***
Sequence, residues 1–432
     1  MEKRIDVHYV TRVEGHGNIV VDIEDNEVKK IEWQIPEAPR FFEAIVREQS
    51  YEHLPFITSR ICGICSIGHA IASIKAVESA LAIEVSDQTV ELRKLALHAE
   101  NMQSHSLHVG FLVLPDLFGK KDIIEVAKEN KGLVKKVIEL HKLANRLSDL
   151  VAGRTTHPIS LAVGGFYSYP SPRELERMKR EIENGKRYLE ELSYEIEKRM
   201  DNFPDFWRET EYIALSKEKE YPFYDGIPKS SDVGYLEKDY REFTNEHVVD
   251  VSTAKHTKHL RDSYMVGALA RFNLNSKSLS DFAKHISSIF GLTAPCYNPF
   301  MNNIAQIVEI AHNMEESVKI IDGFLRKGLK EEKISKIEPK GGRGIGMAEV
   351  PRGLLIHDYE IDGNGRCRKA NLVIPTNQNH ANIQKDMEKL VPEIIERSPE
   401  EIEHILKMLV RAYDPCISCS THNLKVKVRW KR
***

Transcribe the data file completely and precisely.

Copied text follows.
Sequence, residues 1–432
     1  MEKRIDVHYV TRVEGHGNIV VDIEDNEVKK IEWQIPEAPR FFEAIVREQS
    51  YEHLPFITSR ICGICSIGHA IASIKAVESA LAIEVSDQTV ELRKLALHAE
   101  NMQSHSLHVG FLVLPDLFGK KDIIEVAKEN KGLVKKVIEL HKLANRLSDL
   151  VAGRTTHPIS LAVGGFYSYP SPRELERMKR EIENGKRYLE ELSYEIEKRM
   201  DNFPDFWRET EYIALSKEKE YPFYDGIPKS SDVGYLEKDY REFTNEHVVD
   251  VSTAKHTKHL RDSYMVGALA RFNLNSKSLS DFAKHISSIF GLTAPCYNPF
   301  MNNIAQIVEI AHNMEESVKI IDGFLRKGLK EEKISKIEPK GGRGIGMAEV
   351  PRGLLIHDYE IDGNGRCRKA NLVIPTNQNH ANIQKDMEKL VPEIIERSPE
   401  EIEHILKMLV RAYDPCISCS THNLKVKVRW KR